Ballard v. State

Annotate this Case

955 P.2d 931 (1998)

David G. BALLARD, Appellant, v. STATE of Alaska, Appellee.

No. A-5679.

Court of Appeals of Alaska.

April 3, 1998.

*933 Paul E. Malin, Assistant Public Defender, and John B. Salemi, Public Defender, Anchorage, for Appellant.

Kenneth M. Rosenstein, Assistant Attorney General, Office of Special Prosecutions and Appeals, Anchorage, and Bruce M. Botelho, Attorney General, Juneau, for Appellee.

Before BRYNER, C.J., MANNHEIMER, J., and WOLVERTON, District Court Judge.[*]


This appeal requires us to decide whether the horizontal gaze nystagmus test, or "HGN" test, satisfies the standard for admissibility of scientific evidence established in Frye v. United States, 293 F. 1013 (D.C. Cir.1923), and reaffirmed as the governing standard in Alaska in Contreras v. State, 718 P.2d 129, 134-36 (Alaska 1986).

In the HGN test, the subject is asked to cover one eye and then use the remaining eye to track the lateral progress of an object (usually a pen) as the officer moves the object at eye-level across the subject's field of vision. As the moving object travels toward the outside of the subject's vision, the officer watches the subject's eye for "nystagmus" an involuntary jerking movement of the eyeball. If the person's eyeball exhibits nystagmus, and especially if the nystagmus occurs before the moving object has traveled 45 degrees from the center of the person's vision, this is taken as an indication that the person is intoxicated. See the description of the HGN test contained in State v. Grier, 791 P.2d 627, 629 (Alaska App. 1990).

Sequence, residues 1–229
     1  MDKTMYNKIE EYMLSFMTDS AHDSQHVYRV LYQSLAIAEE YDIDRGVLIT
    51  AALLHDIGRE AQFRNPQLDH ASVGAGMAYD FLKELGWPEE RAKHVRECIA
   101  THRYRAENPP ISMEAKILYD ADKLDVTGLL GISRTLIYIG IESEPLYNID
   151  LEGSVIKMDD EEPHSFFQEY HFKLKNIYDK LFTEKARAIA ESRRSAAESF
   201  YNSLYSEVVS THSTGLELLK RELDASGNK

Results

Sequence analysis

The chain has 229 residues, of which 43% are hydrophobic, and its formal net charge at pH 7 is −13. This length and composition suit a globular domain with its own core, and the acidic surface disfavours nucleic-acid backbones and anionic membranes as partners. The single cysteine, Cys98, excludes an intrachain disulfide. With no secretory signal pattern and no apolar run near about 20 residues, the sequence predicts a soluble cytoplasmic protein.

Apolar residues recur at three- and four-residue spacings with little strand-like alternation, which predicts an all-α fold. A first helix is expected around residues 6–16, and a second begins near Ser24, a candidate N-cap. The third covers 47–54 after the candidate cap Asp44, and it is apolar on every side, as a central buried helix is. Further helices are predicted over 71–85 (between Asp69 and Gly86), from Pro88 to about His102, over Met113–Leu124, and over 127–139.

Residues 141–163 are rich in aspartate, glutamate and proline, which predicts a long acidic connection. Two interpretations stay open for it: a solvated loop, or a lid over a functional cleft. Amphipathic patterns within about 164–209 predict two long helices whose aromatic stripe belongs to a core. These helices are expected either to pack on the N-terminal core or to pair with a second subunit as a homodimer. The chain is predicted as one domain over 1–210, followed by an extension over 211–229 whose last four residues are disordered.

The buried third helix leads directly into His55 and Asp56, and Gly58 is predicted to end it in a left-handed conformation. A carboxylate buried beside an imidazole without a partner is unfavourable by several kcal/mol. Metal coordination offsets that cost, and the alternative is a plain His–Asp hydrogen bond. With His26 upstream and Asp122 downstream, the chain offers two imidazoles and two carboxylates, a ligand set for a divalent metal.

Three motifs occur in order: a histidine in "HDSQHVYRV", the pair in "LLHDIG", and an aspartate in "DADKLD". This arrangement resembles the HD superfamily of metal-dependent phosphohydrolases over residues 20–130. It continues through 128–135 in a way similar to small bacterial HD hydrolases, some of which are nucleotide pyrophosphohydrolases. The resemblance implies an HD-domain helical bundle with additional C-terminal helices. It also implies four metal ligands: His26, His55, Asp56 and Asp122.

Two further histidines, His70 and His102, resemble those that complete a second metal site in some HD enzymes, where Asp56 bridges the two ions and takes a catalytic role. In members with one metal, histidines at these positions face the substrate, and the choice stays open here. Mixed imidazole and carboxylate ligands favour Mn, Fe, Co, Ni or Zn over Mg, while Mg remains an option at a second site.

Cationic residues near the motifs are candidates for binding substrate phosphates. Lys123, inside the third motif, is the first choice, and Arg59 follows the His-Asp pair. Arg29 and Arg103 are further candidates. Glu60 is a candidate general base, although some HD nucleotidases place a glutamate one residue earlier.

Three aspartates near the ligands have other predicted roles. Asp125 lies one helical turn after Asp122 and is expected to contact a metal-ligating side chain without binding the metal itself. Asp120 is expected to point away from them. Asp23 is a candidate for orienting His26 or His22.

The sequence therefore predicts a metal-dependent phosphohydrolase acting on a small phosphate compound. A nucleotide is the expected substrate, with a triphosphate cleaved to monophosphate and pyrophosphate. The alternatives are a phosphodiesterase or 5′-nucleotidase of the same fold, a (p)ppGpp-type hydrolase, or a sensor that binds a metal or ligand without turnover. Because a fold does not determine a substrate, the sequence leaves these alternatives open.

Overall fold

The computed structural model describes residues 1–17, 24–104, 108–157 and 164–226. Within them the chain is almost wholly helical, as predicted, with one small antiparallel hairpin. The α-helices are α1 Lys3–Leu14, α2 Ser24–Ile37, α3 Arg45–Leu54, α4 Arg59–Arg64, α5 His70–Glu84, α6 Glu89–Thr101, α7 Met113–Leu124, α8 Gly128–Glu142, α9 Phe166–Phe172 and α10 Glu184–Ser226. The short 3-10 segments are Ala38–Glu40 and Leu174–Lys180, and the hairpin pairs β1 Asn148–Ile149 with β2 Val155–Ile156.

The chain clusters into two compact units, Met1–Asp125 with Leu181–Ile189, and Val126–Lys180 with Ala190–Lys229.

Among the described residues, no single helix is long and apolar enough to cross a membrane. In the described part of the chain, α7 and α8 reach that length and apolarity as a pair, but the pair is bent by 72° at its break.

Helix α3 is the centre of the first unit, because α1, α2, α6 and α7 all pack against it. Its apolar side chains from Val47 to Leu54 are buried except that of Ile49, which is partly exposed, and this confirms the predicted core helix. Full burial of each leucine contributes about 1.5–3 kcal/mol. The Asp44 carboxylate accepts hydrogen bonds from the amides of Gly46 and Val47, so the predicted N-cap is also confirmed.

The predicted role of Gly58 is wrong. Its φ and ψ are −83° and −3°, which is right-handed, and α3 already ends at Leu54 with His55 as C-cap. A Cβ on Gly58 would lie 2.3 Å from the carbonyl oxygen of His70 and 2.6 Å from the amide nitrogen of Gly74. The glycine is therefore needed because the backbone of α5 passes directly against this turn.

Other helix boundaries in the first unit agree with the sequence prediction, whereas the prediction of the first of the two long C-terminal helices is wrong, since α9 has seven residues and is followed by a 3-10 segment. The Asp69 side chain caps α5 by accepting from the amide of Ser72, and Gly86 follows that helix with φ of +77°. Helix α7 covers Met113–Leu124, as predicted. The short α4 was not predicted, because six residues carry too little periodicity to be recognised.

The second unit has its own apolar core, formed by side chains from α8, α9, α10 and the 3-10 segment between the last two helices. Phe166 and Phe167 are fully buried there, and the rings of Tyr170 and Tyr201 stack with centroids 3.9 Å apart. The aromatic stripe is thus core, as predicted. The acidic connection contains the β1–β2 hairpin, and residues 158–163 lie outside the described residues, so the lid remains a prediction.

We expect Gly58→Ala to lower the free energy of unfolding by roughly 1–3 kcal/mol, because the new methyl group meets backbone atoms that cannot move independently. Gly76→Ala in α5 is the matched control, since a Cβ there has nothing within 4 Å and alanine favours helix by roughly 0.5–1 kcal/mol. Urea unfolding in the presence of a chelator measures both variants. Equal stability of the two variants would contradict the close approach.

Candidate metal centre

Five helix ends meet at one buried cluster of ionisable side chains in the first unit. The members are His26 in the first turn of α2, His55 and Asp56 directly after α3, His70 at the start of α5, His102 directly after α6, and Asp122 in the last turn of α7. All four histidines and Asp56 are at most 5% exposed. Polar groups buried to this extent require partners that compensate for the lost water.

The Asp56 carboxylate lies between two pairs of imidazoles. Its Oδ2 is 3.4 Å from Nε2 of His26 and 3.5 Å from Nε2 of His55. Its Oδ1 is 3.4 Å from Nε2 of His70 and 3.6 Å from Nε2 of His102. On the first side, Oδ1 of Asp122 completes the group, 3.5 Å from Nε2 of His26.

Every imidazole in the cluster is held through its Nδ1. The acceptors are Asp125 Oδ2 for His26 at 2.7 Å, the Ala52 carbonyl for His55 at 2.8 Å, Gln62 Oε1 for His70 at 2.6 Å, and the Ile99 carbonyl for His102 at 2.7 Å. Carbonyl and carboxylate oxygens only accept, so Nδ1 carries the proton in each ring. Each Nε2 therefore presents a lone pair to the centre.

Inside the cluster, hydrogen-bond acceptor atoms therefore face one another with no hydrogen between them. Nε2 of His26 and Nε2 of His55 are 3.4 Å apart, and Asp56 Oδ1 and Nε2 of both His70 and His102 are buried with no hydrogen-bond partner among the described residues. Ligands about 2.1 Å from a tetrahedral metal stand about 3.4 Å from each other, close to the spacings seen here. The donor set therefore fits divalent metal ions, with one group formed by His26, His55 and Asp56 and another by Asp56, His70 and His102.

As we explain in more detail below, we conclude that the horizontal gaze nystagmus test is premised on generally accepted scientific theory. Although there is genuine dispute as to whether a person's precise level of intoxication or precise blood-alcohol level can be ascertained by his or her performance on the HGN test, there is no dispute that alcohol consumption causes observable nystagmus. We conclude that, if a person demonstrates nystagmus during the HGN test, this is a reasonable indication that the person may have consumed alcohol and is potentially intoxicated. Therefore, with certain qualifications explained below, we hold that evidence of a person's performance on the HGN test is admissible under the Frye-Contreras rule.

*934 How This Case Arose

In the early morning of March 1, 1994, Alaska State Trooper Lee Robert Oly was patrolling the Glenn Highway, accompanied by his supervisor, Trooper Oscar Siegfried.[1] Oly observed an oncoming Toyota pull off to the other side of the highway. Intending to check on the welfare of the Toyota's driver, Oly turned his patrol car around and pulled up behind the stopped Toyota. Ballard, who was driving the Toyota, got out of his vehicle. Ballard had to steady himself against the Toyota, and he staggered as he walked toward Oly. When Ballard stopped walking, he continued to have difficulty maintaining his balance; he swayed from side to side. Oly smelled the odor of alcoholic beverages on Ballard's breath, and he saw that Ballard appeared to have difficulty focusing his eyes (which were bloodshot). Based on these observations, Oly decided to administer field sobriety tests to Ballard.

Ballard performed several field sobriety tests; one of these was the horizontal gaze nystagmus test. After Ballard failed all of the field sobriety tests, Oly arrested him and charged him with driving while intoxicated.

Ballard's Pre-Trial Objection to the HGN Evidence and the Testimony Presented at the Frye Hearing